Alright, so the plausibility of stealing an actual pillar of Stonehenge, one of the most sacred manmade wonders of the world, is pretty much a queef. But in keeping with the plot of Halloween III, after losing one of his patients to one of those double-breasted machina meanies (I guess last night was theme for me...well-dressed killers...might as well get American Psycho off the shelf while I'm at it) Dr. Challis (Tom Atkins) allows himself to get sucked into the mystery surrounding this particularly nasty death. The victim in question is a toy store owner named Harry who sells Silver Shamrock Halloween masks. His misfortune was discovering the truth about the witch, skull and pumpkin head drapes, i.e., something truly hellish lurks inside them.
When she comes to identify her father, Ellie Grimbridge (Stacey Nelkin) inadvertently lures Challis into an investigation of her papa's death. They find themselves in a sprawled burg called Santa Mira populated by Irish (?) which goes on full lockdown after 6:00 pm. The Silver Shamrock factory is the lifeline of the town, even when its frosty owner Conal Cochran (Dan O'Herlihy) refuses to hire certain locals into his service. If they bitch, they bite it. If the townsfolk don't produce for him, they bite it. If they don't kiss his hedonistic ass...you get the picture.
Upon confirmation Ellie's father had come to Santa Mira on business, she and Challis are foiled when they attempt to infiltrate the Silver Shamrock factory. Not before screwing a hundred times first, though. Jeezu... They learn about Cochran's foul plan to kill oodles of children who buy his masks. They have microchips ready to trigger death shocks coutresy of seismic waves produced by the aforementioned Silver Shamrock commercial, which hums to the tune of "London Bridges."
Where Halloween III works is its visual style, be it the condensed setting of Santa Mira and the looming Silver Shamrock compound which really gets to the guts of Carpenter's weird tale. Even the second sequence in the film where the steel assassin takes out Harry in the hospital then douses himself with gasoline in the parking lot and sets himself on fire works. Never mind it strongly resembles the fiery finale of Carpenter's Halloween II.
Carpenter playfully shows an advertisement of his original film in this one and likewise shows a scene of Jamie Lee Curtis skulking around the fateful house while Challis is strapped to a chair with one of the death masks on his head. A fun touch, but even when trying to distance himself from Michael Myers, you can tell there's a bit of a wish at stake for his famed deathstalker. Even Nancy Loomis (billed here by her married name Nancy Kyes) makes an appearance in Halloween III as Challis' ex-wife. Remember, she had her throat slit in the first Halloween and took a corpse cameo as Annie in the second film. Also remember she too appeared in The Fog along with Curtis. Carpenter and Hill kept in the family back then...
The closure of Halloween III really sucks the big one, save for the final frame when Challis has managed to get the t.v. stations to shut down the Silver Shamrock ad which is about to strike its killing mode during "The big giveaway at 9:00." Yet one station hasn't gone off the air. Challis' pulverizing "Stop it!!!" screams into the fadeout is actually quite brilliant. Never mind Challis has already had to suffer the indignity of seeing his sudden-girlfriend Ellie replicated as a machine. Worse, he has to fend off an attack by her--and her lopped arm! Blech. Also, I've never bought Challis' relatively easy dispatching of Cochran and his robots with the pesky microchips which also triggers off Stonehenge to exact its own vengeance. Puh-lease...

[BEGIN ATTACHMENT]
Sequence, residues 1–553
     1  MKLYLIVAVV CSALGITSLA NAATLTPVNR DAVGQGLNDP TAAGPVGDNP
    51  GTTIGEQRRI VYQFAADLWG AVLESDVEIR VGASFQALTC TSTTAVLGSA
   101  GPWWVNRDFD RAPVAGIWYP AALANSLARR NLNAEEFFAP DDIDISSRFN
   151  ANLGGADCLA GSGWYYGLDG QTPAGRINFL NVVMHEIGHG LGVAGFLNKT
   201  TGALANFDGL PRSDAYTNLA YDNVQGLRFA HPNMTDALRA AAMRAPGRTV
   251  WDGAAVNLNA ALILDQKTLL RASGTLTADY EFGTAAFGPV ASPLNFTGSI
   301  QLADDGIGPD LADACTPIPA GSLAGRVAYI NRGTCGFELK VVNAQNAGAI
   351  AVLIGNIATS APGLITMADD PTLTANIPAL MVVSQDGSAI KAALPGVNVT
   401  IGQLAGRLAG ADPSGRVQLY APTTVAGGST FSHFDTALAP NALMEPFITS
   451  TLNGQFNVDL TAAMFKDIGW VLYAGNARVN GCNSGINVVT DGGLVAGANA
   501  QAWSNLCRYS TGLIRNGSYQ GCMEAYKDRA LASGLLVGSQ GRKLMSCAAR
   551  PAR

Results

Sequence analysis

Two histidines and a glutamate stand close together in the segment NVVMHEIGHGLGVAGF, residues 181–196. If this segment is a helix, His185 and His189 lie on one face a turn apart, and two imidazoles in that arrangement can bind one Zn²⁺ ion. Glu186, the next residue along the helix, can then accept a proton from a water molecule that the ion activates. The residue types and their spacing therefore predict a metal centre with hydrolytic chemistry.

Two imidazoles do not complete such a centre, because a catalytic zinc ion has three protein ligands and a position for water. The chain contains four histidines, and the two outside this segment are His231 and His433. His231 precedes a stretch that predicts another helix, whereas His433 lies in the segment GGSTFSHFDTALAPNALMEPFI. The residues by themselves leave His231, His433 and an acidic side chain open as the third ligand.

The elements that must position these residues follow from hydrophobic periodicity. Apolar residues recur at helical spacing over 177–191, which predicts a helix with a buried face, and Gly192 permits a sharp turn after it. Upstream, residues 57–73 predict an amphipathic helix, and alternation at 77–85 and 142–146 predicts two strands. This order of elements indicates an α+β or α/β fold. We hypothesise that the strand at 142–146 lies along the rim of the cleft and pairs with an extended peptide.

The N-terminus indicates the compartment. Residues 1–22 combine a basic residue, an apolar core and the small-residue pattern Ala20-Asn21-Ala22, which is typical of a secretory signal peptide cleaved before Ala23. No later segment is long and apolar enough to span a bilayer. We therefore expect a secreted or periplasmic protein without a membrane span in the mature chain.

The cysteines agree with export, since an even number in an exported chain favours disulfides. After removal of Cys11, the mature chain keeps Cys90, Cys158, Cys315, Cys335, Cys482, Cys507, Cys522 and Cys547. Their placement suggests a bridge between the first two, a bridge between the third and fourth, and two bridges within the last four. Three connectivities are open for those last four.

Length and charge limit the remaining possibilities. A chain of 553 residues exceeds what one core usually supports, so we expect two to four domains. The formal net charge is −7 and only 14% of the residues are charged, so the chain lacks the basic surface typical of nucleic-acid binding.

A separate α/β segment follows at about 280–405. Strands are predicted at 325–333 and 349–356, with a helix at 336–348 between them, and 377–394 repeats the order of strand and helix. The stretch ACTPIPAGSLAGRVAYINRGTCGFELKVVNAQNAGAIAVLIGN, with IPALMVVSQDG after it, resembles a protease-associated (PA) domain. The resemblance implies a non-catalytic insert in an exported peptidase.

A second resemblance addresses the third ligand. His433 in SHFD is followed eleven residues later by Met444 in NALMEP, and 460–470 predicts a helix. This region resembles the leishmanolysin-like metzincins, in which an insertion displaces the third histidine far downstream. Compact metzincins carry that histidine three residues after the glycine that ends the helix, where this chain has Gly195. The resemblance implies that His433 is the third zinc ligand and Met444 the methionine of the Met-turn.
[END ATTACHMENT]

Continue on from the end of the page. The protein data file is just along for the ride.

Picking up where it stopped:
However, Halloween III is quite messy with its effects, a plus in this respect. The scene where Marge Guttman (Garn Stephens) accidentally triggers a "misfire" from one of the mask chips is one of the moistest kills the entire series has seen. The wretched offing of the Kupfer family is poorly realized, however, seeing Little Buddy lying on the floor with a smoking mask and insects and snakes pouring out is quite horrifying, if not preposterous.
Of course, the score to Halloween III is great (if you're a fan of early eighties synth) with Carpenter and Alan Howarth teaming up yet again. The Silver Shamrock theme is genius, as is the cerebral opening tones which accompaines the blipping computer grid during the opening credits.
I doubt highly I sold you on this one if you've never seen it. Even the current Michael Myers Tyler Mane avoided this one while boning up during his character study. Somehow, though, I can't get away from this clunker. I just can't. 28 days to Halloween, Halloween Halloween...
Thursday, October 01, 2009
Ace Frehley - Anomoly
2009 Bronx Born Records
Ray Van Horn, Jr.
As a kid of the seventies, Kiss was my great obsession along with baseball cards, Star Wars, Get Smart reruns and my Fonz felt poster. No different than most of my susceptible peers growing up with Kiss. We all knew where Gene, Paul and Peter stood, but Ace Frehley was the dark horse we kids knew very little about other than his onstage persona as a rider of the nebula. The Spaceman, as Frehley eventually became known, was for all intents and purposes, the soul of Kiss, much as George Harrison was for The Beatles. The same case might even be made with Ringo Starr and Peter Criss respectively.